SpaceLab’s co-founder and CEO Karen Burton is an educator, historian, and diversity and inclusion advocate in the architecture and construction industry. Along with her colleague Saundra Little, AIA, NOMA, she founded Noir Design Parti, a Knight Arts Challenge winning project that chronicles the projects and career journeys of Michigan’s African American Architects. On Feb. 17, an interview with Karen will air on Michigan Radio where she will introduce listeners to Donald White, AIA, the first Black graduate of the University of Michigan’s College of Architecture and Michigan’s and Alabama’s first licensed Black architect.
Karen and Saundra will discuss the role of Black architects in Detroit’s design history to students in the Detroit Area Pre-College Engineering Program (DAPCEP) on Feb. 15, and on Feb. 21 at 5:30 PM, they’ll lead a panel discussion with five of Detroit’s leading architects at The University of Detroit Mercy School of Architecture.
Karen will also be a panelist on the topic “Revitalizing ‘Main Street'” at the 10th Annual Detroit Impact Conference, the flagship event of the Detroit Revitalization and Business (DR&B) Club at the Ross School of Business at the University of Michigan.
Audra Carson, founder, owner and Chief Beautification Strategist at Izzie, LLC and host of the CommuniD Podcast was awarded Olivet College’s Distinguished Alumni Award, the highest honor presented to alumni for living out the College’s mission and values. One of Olivet classmates also endowed a scholarship in Audra’s name.
When asked why it’s important to her to give back to the Detroit community, Audra responds, “I love the city with my whole heart and I love the people with my whole heart. I couldn’t see myself anywhere else… It is paramount to me that at this moment in history, with society minimalizing authentic connection, that I highlight Detroiters who are creating communities in their unique and beautiful ways.”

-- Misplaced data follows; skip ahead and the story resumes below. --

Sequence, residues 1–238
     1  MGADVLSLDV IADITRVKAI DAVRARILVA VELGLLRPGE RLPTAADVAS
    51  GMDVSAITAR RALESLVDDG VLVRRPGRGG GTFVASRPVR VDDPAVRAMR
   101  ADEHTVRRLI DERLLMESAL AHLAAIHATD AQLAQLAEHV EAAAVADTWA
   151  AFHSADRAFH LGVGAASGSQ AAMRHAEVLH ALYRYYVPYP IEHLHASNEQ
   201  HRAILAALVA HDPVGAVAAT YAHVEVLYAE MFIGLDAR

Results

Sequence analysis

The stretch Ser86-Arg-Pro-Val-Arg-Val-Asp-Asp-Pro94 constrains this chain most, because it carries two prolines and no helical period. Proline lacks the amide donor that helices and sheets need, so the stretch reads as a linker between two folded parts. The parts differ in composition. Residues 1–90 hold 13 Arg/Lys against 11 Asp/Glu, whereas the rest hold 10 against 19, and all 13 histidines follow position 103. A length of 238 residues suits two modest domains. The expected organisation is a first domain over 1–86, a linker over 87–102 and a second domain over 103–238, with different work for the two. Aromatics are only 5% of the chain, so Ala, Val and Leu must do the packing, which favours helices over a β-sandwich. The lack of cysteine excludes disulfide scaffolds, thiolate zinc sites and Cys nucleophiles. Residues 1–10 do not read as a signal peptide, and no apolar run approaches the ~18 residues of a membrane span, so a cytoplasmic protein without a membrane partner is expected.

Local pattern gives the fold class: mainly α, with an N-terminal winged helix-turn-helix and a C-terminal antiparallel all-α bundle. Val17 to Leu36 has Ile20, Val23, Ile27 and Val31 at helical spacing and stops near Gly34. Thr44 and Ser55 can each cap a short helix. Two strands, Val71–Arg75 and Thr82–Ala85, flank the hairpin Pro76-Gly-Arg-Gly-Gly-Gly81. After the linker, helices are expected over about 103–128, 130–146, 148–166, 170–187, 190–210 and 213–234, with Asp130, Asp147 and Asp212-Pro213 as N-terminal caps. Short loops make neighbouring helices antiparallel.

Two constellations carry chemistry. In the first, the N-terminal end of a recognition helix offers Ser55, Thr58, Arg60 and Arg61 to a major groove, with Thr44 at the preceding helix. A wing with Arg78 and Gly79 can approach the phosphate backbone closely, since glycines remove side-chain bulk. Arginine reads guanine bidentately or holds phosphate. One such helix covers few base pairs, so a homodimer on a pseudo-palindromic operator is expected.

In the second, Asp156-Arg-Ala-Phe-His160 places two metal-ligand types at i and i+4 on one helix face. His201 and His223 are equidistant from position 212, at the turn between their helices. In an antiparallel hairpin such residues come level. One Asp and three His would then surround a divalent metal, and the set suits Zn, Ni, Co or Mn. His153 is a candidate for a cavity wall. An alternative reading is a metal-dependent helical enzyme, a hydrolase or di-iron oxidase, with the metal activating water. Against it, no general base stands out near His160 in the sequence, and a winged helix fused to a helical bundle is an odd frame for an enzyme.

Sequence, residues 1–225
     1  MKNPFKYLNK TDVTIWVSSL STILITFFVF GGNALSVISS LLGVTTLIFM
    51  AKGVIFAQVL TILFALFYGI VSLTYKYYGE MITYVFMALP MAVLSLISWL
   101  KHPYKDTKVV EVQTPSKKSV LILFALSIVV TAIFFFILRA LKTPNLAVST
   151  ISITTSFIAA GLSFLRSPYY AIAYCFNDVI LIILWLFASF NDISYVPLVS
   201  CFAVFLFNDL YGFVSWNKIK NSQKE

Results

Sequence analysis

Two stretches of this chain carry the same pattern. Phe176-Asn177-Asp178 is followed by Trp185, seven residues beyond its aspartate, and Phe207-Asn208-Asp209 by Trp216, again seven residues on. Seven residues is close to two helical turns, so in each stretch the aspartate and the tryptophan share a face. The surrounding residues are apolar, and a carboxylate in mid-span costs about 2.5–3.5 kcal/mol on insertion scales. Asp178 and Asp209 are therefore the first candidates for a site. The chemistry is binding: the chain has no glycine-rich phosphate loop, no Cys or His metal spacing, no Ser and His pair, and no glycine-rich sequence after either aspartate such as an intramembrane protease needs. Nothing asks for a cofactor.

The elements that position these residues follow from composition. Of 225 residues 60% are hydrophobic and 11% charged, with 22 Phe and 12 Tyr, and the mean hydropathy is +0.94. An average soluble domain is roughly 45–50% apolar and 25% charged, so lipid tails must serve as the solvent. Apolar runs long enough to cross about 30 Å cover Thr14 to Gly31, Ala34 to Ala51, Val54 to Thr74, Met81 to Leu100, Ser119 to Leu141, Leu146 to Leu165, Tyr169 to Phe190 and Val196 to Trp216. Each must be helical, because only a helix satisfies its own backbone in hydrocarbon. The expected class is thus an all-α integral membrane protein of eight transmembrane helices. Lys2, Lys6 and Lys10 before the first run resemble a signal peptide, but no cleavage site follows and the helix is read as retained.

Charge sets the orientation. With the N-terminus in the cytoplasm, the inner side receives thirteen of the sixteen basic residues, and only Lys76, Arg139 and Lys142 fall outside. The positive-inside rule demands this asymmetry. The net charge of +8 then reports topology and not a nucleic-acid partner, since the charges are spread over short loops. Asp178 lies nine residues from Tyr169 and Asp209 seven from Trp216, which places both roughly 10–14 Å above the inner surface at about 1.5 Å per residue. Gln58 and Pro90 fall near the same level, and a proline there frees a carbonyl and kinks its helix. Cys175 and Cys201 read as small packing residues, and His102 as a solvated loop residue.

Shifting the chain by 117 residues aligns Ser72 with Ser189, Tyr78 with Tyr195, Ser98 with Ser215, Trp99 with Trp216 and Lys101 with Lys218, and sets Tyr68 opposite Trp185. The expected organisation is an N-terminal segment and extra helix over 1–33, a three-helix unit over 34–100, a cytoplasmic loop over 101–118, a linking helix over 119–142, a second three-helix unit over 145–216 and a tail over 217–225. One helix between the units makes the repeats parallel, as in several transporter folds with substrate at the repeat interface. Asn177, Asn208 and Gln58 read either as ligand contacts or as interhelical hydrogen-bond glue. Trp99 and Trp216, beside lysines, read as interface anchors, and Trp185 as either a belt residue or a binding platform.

SpaceLab welcomes Jujuan Buford and JSB Business Solutions to our community of professionals.
From Jujuan S. Buford’s bio:
JuJuan Buford is a native Detroiter, successful entrepreneur, public speaker, and business development specialist. He’s dedicated to helping families, entrepreneurs, and business owners establish thriving enterprises, achieve financial independence, and build lives of satisfaction.
Jujuan is driven by the belief that entrepreneurship is empowerment. He brings approximately 20 years of experience gained from the banking and financial planning industry. As a business development professional with JSB Business Solutions LLC, Jujuan helps small business owners navigate the same challenges that large corporations are confronted with: research and development, securing more clients, increasing profits, scaling, retaining talented employees, making better financial, tax & accounting, and legal decisions, and protecting their business interests.
Tash Moore, head blogger for Detroit Startup Week and founder of Catch-313 social media agency interview SpaceLab’s CEO Karen Burton on Medium.
Tash Moore: Thank you so much for chatting with me? You run SpaceLab Detroit, the coworking space downtown geared toward architecture, community development, and like-minded firms. How did you discover coworking?
Karen Burton: Thanks for the opportunity, Tash. I opened my first design and drafting business years ago in Flint. I started in a 70 square foot office in an incubator just north of downtown called the Oak Business Center, which is still operating today. There were a variety of businesses there — professional services and retail with a conference room to share — but at the time everyone seemed pretty disconnected. I thought there could be a better way for businesses to share resources and collaborate.
I see [Detroit] as a top-tier entrepreneurial hub for the country. There are so many resources available and a wealth of opportunities for innovation. – Karen Burton
Freelancing as an architectural designer, the traditional “third places” like coffee shops and libraries didn’t always fit my needs or my colleagues’. We’d need a place to print construction documents and large tables to lay them out for review when meeting with clients. There were many of us solopreneurs who wanted to collaborate on larger projects, and we needed somewhere to come together. The idea for our design and construction-focused coworking space began to develop some time ago, but the timing was perfect in 2015 after I left a job. The following year, my husband Bobby left his, and we decided to pursue the SpaceLab concept together.
TM: With associated partnerships with NOMA Detroit and AIA Detroit, your space really highlights inclusion in a field that doesn’t showcase as much diversity nationally. Besides our majority-black population, what else do you believe makes Detroit special?